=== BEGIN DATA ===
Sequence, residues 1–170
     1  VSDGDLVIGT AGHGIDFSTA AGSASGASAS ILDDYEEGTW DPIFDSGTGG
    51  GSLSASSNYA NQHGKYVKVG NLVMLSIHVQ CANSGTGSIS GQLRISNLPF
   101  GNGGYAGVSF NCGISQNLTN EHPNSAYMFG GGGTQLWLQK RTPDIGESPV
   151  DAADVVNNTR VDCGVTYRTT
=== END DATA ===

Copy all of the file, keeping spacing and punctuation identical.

Sequence, residues 1–170
     1  VSDGDLVIGT AGHGIDFSTA AGSASGASAS ILDDYEEGTW DPIFDSGTGG
    51  GSLSASSNYA NQHGKYVKVG NLVMLSIHVQ CANSGTGSIS GQLRISNLPF
   101  GNGGYAGVSF NCGISQNLTN EHPNSAYMFG GGGTQLWLQK RTPDIGESPV
   151  DAADVVNNTR VDCGVTYRTT